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Unformatted text preview: Kantian Ethics Lecture 5 Summer School PHIL 102 1 Rule Utilitarianism: An act is right if it follows a rule which, if almost everyone adopted it, would produce the most utility Kant: Act only according to that maxim by which you can at the same time will that it should become a universal law Kant and Rule Utilitarianism 2 Kant and Rule Utilitarianism You should tells lies Rule UT: The consequences of everyones lying would be awful - for me and everyone - so we must not do it Kant: Everyone couldnt lie whenever they thought they had a good reason. Its impossible. So we have an absolute perfect (inFexible) duty not to do it You should not bother to help others who need help Rule UT: The consequences of everyones not helping others would be awful - for me and everyone - so we must not do it Kant: I cant (without contradiction in the will) will my ends (i.e. to be helped when I need it) and will away means to my ends (i.e. will that no one helps anyone). So I have an imperfect (laxer meritorious) duty not to act according to this maxim 3 CI #1: Testing Maxims May I when in distress make a promise with the intention not to keep it? His maxim is: rom self-love I adopt it as a principle to shorten my life when its longer duration is likely to bring more evil than satisfaction ...the maxim of his action would be expressed thus: When I think myself in want of money, I will borrow money and promise to repay it, although I know that I never can do so. Q: Why are the maxims of this form? Insight: When we act for reasons we do so for particular ends and in particular circumstances (means-end) CI #1 is a test of rationality - what it is rational for us to will (as a universal law). We cannot will that which contradicts our will . 4 CI #1: Testing Maxims You should tell lies If universalise: everyone tells lies Rule UT: This would lead to worse consequences than if people acted otherwise, so we should not follow this rule Kant: Not concerned with consequences. How is it irrational to follow this maxim? Where is the contradiction?...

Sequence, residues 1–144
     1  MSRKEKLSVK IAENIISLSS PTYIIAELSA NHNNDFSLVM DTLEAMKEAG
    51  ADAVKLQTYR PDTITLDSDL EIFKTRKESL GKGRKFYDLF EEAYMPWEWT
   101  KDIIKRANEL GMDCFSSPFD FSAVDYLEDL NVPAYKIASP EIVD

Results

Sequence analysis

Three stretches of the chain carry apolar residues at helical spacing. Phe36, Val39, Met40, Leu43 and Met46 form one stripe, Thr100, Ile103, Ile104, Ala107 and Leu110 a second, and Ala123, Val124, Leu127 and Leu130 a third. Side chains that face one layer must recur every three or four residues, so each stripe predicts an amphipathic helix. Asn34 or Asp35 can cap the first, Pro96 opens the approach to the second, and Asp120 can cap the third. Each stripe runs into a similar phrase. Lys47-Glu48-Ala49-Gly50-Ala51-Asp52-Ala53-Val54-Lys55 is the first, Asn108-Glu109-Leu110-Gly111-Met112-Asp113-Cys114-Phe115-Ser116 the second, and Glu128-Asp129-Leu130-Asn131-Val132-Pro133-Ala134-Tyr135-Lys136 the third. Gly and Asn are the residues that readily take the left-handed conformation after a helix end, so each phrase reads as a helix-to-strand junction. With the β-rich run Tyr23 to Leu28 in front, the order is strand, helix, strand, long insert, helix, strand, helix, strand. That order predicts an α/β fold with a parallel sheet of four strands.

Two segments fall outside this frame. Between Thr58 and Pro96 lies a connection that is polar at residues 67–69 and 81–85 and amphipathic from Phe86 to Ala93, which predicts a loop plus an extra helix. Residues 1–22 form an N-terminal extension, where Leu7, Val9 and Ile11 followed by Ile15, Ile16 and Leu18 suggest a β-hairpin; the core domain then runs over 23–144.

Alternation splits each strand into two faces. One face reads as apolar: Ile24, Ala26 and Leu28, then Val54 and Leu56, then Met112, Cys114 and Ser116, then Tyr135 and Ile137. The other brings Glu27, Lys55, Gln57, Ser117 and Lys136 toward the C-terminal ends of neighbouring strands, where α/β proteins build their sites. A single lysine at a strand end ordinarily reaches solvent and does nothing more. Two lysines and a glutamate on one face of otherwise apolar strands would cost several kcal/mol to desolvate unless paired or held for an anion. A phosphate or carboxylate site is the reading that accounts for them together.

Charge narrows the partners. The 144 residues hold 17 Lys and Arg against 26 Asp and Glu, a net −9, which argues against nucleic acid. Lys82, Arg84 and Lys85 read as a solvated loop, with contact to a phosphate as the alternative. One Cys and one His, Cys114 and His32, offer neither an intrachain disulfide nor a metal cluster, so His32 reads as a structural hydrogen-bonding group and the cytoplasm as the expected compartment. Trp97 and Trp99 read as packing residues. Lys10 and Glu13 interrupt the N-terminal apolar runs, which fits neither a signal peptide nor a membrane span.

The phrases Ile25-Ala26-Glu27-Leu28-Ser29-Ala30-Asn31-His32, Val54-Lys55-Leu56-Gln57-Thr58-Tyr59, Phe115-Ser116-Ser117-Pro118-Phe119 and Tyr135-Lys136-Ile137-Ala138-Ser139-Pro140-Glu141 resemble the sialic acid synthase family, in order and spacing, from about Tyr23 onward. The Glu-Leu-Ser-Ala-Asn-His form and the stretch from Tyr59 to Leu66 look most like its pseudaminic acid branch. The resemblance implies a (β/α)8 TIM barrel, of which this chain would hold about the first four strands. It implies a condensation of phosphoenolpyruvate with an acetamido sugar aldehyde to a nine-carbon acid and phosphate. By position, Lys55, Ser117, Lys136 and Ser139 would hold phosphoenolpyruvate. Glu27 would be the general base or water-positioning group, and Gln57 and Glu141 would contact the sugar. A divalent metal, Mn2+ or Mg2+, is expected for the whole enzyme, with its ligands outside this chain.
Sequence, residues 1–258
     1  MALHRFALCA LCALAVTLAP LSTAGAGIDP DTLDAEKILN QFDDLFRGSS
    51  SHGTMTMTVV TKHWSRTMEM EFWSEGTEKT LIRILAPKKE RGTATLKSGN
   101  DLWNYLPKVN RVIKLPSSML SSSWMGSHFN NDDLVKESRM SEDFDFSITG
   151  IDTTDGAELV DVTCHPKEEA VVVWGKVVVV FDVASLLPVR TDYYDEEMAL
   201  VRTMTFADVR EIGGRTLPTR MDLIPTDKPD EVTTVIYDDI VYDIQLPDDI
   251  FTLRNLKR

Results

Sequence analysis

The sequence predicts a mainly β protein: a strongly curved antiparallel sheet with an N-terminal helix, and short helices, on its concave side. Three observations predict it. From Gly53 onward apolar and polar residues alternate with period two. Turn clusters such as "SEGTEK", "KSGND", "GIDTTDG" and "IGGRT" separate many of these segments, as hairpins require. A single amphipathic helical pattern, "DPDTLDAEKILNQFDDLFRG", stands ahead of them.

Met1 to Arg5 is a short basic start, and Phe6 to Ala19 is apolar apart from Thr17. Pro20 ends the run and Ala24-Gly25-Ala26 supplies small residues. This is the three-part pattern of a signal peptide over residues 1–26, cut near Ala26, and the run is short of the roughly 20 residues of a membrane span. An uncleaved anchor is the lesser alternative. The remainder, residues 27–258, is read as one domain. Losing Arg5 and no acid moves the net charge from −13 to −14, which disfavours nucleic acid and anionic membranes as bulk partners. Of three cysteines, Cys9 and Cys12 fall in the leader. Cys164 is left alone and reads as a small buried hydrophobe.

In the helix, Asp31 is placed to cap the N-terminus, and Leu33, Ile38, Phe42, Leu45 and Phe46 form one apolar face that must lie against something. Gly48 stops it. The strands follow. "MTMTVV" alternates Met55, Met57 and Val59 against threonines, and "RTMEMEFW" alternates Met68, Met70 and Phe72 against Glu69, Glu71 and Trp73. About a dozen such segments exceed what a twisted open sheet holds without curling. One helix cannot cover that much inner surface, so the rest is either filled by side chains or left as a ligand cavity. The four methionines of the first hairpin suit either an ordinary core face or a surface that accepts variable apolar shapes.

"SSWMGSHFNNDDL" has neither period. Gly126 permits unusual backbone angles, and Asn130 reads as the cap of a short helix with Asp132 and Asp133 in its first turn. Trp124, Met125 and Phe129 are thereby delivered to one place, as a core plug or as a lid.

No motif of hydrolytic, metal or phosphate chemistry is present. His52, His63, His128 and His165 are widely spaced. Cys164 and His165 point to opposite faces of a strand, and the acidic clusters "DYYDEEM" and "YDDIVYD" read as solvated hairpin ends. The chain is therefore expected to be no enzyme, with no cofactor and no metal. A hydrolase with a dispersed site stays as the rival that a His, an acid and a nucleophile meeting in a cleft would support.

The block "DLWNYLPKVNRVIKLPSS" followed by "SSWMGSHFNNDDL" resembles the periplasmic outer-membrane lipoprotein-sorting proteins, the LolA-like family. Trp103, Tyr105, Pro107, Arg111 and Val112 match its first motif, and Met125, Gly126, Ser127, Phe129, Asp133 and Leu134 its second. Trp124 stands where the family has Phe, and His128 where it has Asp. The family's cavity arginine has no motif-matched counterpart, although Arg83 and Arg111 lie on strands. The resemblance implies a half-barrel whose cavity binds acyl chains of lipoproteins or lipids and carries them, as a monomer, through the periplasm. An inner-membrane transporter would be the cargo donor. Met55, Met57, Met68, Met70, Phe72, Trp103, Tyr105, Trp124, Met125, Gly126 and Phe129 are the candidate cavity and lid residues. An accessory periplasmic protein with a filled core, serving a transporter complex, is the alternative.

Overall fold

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- Spring '09